By Azita Carlson
A cargo of crude oil was recently rejected by Italy’s oil giant Eni SpA because it bore the hallmarks of Iranian crude. Energy companies must now grapple with sophisticated techniques used by Iran to evade U.S. sanctions.
The cargo remains on board a Liberia-flagged vessel named White Moon, after Eni said the specifications didn’t match those of its contract for Iraqi oil. The ship’s documents show that the cargo, which Eni bought from the trading arm of Nigeria’s Oando PLC, was Iraqi, an Eni spokesman said.
It was intended for the Milazzo refinery in Sicily. According to a person familiar with the matter, instead, it had properties which were consistent with Iranian crude, a person familiar with the matter said.
The company “is not aware if, or has evidence of, a precise geographical origin different from that indicated on the documents of origin and load,” said an Eni spokesman.
While Washington did not renew waivers that had allowed some countries, including Italy, to purchase limited volumes of Iranian oil, Eni already had voluntarily stopped buying Iranian crude in October.
The incident highlights the challenges energy companies face in meeting Washington’s stricter due-diligence guidelines for potentially deceptive shipping practices in maritime trade. Oando Trading’s general manager of corporate development Effanga Effanga, said “at the point of loading there was a joint inspection between Eni and Oando and it met contract specifications and at the point of discharge we found out it was off-spec due to the sulfur content.” Mr. Effanga declined to specify whether that inspection took place in the Persian Gulf or elsewhere.
Mr. Effanga said Oando has now rejected the cargo and sent it back to its own supplier but declined to name that company. The White Moon, according to ship-tracking websites, left Sicily on Wednesday.
Alessandro Des Dorides, Eni’s head of oil trading, oversaw the deal for the cargo, was fired three weeks ago, though the company says it had nothing to do with this matter.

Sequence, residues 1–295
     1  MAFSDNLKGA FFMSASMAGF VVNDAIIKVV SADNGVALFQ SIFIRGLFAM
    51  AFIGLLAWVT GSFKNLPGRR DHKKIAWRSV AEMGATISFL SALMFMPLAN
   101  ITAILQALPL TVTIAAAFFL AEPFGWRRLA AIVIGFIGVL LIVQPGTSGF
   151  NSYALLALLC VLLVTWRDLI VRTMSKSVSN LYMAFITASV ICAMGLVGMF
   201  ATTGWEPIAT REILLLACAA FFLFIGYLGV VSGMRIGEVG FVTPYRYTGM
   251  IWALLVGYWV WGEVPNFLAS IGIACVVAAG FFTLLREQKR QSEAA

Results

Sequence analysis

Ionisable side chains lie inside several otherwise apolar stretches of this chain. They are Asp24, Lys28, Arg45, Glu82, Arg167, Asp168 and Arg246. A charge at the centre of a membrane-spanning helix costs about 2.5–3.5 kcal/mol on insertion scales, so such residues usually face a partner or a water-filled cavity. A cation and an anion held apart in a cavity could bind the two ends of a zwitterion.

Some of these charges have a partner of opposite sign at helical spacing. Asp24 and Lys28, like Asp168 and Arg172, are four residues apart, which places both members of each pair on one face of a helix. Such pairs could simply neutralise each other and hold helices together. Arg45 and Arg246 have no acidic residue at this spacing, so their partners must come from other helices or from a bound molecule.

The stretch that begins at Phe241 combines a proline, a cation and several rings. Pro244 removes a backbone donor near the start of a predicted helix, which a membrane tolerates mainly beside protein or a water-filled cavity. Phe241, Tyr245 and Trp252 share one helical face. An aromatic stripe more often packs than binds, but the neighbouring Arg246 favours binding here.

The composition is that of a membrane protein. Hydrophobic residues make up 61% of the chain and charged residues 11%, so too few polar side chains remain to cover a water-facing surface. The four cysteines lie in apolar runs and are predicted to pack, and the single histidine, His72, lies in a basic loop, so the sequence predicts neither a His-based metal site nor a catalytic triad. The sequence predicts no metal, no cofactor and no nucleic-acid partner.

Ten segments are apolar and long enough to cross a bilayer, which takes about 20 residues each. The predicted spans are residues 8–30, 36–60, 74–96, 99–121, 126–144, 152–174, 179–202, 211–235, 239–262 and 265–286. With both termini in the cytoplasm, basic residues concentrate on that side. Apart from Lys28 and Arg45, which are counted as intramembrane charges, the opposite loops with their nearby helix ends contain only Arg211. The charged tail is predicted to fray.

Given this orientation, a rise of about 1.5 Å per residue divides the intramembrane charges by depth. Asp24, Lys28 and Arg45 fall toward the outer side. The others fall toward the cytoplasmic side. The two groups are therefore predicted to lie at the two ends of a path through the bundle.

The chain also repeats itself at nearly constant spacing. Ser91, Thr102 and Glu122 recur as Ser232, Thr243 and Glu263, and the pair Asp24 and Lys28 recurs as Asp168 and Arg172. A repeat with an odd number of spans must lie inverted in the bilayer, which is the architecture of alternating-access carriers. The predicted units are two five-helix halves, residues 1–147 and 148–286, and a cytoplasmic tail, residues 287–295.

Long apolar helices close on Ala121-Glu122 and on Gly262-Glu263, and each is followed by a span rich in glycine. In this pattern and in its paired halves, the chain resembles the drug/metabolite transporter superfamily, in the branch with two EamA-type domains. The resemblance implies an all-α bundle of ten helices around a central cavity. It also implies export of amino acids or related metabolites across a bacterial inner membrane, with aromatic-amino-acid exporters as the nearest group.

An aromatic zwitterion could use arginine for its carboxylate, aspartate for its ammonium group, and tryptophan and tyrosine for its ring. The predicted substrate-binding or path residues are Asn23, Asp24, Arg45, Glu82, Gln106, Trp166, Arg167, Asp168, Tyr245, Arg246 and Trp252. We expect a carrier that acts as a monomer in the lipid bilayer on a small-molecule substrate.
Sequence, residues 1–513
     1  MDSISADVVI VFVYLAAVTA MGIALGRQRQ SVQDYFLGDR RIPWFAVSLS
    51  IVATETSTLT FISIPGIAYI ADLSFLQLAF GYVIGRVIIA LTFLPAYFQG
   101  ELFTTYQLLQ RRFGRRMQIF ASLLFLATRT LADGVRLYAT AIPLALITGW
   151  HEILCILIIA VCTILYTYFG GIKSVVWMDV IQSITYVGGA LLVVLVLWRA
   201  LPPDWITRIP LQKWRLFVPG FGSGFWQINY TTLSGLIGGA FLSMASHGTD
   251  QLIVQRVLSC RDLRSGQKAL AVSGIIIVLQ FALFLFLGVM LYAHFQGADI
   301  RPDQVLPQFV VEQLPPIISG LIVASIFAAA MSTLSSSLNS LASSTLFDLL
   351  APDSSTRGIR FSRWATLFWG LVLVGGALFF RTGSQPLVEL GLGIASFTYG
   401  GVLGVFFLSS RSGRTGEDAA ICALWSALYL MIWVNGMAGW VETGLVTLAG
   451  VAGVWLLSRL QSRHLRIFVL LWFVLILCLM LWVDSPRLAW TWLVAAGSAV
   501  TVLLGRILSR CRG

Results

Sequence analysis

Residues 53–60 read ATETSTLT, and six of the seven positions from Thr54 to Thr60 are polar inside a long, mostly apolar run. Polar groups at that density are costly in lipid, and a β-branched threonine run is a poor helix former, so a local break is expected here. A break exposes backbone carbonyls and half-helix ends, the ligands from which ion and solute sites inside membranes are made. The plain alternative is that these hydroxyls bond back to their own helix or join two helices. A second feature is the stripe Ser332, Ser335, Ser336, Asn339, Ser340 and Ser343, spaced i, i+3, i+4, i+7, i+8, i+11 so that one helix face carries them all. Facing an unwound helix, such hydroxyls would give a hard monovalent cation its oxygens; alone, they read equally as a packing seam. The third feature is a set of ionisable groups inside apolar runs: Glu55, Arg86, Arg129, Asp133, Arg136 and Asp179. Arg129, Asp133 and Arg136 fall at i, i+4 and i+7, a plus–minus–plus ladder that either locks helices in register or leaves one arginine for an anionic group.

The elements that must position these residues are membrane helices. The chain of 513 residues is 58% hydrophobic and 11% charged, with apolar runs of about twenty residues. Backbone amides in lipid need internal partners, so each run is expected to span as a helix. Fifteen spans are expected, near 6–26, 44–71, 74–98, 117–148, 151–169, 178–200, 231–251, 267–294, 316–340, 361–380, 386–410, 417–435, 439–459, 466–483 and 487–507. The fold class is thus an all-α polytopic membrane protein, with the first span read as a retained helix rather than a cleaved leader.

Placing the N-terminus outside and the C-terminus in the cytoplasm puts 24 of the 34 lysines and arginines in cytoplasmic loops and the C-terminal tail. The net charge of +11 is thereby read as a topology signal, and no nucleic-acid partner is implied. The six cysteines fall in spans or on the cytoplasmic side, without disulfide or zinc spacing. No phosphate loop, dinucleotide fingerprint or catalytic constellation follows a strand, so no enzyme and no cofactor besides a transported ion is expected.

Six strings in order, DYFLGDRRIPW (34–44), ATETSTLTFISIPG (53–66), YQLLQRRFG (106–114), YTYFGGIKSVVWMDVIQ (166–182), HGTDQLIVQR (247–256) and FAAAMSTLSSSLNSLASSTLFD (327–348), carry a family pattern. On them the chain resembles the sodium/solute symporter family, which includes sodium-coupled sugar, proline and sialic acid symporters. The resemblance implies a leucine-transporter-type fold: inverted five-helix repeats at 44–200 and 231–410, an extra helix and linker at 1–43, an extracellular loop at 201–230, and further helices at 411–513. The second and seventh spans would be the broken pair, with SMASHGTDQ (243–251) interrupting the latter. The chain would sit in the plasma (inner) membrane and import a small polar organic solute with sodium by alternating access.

The U.S. Treasury Department has told companies how to identify red flags for potential sanctions-evasion behavior in their supply chains. These include ship to ship transfers—by which cargo is moved from one ship to another at sea—and any sign of manipulation to a vessel’s radio-signal tracking system in suspicious waters. Regarding thesis guidelines:
• The White Moon’s cargo appears to have taken a circuitous route into the oil supply chain.
• At least some of the oil White Moon transported came from a ship-to-ship transfer with a Liberia-flagged vessel named New Prosperity in the Persian Gulf in early May, data from oil analytics firm Vortexa showed.
• Data from shipping tracker Marine Traffic also shows the New Prosperity emptied most of its cargo around May 6 while the White Moon, which stood next to her, filled up.
• Before unloading oil to the White Moon, New Prosperity received its cargo from a ship-to-ship transfer with a Vietnam-flagged vessel named Abyss.
• Ship-tracking data showed Abyss wasn’t emitting a radio signal for its location between April 24 and May 3.
Zodiac Maritime, operator of White Moon, spokesman said it “independently carried out customary sanctions compliance checks on the owner of the previous vessel and its journey history before the [ship-to-ship] transfer took place. Eni also gave us express written assurance that its cargo was not from a sanctioned territory, including Iran.”
But, the owner of Abyss, PetroVietnam Transportation Corp., didn’t respond to requests for comment.
New Prosperity’s owners, the Greece-based New Shipping Ltd., confirmed the initial transfer of oil from Abyss to its ship, which it said was done in Iraqi waters with Iraqi crude, and that the cargo was then transferred to White Moon. “Our charter strictly prohibits loading any Iranian origin oil and no STS operation is allowed with any Iranian related vessel,” New Shipping said in an emailed statement.
Although ships aren’t penalized for not using radio-signal tracking systems, ships are advised to use tracking systems to avoid collisions between vessels or locate them if they need rescuing.